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The fake news that associated the image used by the newspaper to the Carnaval. Screenshot.
One of the most discussed topics of 2018 Brazilian elections has been the production and massive dissemination of fake news. This is the Brazilian contribution to the international phenomenon of manipulating information and targeting niche audiences identified with certain preferences, like what we saw in the scandal of Cambridge Analytica, in the context of the US elections and the “Leave campaign” in the United Kingdom.
It is a bad contribution. In general, the dynamics of fake-news imply identifying that people living in a dry region suffer from lack of rain and then sending to those same people information that shows that a particular candidate wants to build a dam on the only river that supplies that region in formats that appeal to them. In the Brazilian version, this candidate would be involved with tribes that promote witchery rituals to move the rain clouds to another place.
Accordingly, during the Brazilian election campaign, we saw pictures of bottles with a penis-shaped mouthpiece, supposedly distributed in day care centers during the Workers Party (PT) government; manipulated photographs that placed posters with phrases supporting pedophilia in the hands of left-wing politicians; many images of Fernando Haddad and Manuela D’Avila wearing T-shirts with anti-Christ messages; many pictures of Manuela full of tattoos, holding a bottle of beer and carrying the presidential belt, and so on.
This practice sets up a first problem that is known as fake news. Only in the last week, the Superior Electoral Court ordered to remove from the internet 35 references to Haddad and another 33 references to Manuela, Workers Party candidates for president and vice president. Brazilian right-wing movements have been identified as producing and disseminating fake news. Earlier this year, Facebook removed several pages identified with this kind of misconduct, including some linked to MBL - Movimento Brasil Livre, which was directly involved in the mobilizations for the dismissal of President Dilma Rousseff, and another one maintained by Olavo de Carvalho, an activist recognized by his attacks on left-wing politicians and social movements.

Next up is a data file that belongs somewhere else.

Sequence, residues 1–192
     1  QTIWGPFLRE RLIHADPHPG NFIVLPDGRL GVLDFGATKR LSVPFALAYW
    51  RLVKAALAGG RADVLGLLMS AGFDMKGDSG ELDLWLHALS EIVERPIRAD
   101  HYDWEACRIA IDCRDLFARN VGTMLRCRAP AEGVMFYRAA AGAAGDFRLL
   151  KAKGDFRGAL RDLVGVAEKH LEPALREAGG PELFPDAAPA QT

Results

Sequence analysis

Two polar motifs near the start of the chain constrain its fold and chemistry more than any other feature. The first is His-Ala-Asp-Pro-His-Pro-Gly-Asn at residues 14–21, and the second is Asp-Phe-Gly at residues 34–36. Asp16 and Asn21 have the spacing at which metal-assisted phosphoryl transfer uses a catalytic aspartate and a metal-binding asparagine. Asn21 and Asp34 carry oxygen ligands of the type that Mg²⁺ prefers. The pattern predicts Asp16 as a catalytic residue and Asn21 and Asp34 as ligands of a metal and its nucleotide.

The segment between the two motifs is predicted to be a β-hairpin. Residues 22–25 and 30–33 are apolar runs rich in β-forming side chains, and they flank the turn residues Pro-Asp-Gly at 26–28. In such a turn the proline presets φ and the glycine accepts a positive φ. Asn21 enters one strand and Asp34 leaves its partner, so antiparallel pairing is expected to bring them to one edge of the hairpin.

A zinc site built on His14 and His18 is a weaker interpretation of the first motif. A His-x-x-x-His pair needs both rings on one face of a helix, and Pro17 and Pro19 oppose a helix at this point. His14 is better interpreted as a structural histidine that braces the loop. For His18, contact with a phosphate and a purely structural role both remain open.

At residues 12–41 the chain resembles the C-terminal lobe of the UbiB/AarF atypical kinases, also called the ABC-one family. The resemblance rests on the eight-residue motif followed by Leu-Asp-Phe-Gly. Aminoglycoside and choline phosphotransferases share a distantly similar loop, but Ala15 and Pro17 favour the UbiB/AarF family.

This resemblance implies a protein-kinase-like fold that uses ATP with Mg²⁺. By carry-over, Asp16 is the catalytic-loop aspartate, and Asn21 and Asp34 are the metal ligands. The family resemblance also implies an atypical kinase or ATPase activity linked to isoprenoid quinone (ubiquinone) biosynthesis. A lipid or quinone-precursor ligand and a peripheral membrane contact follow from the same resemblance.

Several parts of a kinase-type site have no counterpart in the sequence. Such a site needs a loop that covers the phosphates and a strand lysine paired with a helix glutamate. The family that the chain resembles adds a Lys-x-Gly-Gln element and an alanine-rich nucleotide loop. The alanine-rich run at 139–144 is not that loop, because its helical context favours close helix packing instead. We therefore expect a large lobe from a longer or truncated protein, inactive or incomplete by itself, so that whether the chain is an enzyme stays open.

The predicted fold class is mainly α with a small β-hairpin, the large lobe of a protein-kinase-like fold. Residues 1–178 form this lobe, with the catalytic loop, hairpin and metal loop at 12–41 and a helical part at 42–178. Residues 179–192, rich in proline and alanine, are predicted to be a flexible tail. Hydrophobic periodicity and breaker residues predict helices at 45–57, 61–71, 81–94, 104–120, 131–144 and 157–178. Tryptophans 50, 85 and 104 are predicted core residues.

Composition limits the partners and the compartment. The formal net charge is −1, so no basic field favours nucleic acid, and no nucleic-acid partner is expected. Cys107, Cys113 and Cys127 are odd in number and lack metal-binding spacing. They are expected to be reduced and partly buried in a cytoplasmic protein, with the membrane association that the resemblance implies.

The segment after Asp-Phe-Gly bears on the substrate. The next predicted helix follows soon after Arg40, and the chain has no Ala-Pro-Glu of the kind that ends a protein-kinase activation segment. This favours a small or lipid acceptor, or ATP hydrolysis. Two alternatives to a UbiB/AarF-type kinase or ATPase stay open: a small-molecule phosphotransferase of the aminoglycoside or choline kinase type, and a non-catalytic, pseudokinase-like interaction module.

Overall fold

The post-truth issue
Fake news constitutes a serious problem and, for that very reason, is liable to a judicial penalty in Brazil, associated with the crimes of slander, libel and defamation.
But we need to retake the discussion about another problem, which involves fake news, but it is deeper than that. It is the problem of post-truth and how it can hurt democratic culture. Post-truth is a term that refers to the construction of a broader narrative, which gives meaning and legitimacy to specific worldviews, often combating already consolidated knowledge.
Focusing on fake news to the detriment of post-truth guides the solution to the high appreciation of traditional media in opposition and delegitimization of alternative media.
One recent example and one that is producing quite dangerous impacts is the narrative that vaccines are dangerous, which goes against all the established scientific findings and threatens the immunization success that has been achieved to combat serious diseases in many countries. It is more than fake news, because the culture of vaccination in particular and scientific knowledge in general is being questioned. In this sense, limiting the debate to the issue of fake news has at least three important implications.
The first is that focusing on fake news to the detriment of post-truth guides the solution to the high appreciation of traditional media in opposition and delegitimization of alternative media. Accordingly, the remedy against fake news is the good, neutral and impartial coverage made by journalists formally linked to registered and recognized media.
Even if one believed in the tale of journalistic neutrality and impartiality, it would be impossible to rely on it in a country where the concentration of media ownership is as high as in Brazil. In 2017, The Media Ownership Monitor project evaluated the plurality of the media sphere in the country and revealed that five groups or their individual owners control concentrate more than half of the media at the national level. According to another media evaluation project, the Atlas da Notícia, more than 70 million Brazilians live in a so called “desert of news” and popular media are frequently the only outlets permanently covering the daily life of peripheral communities.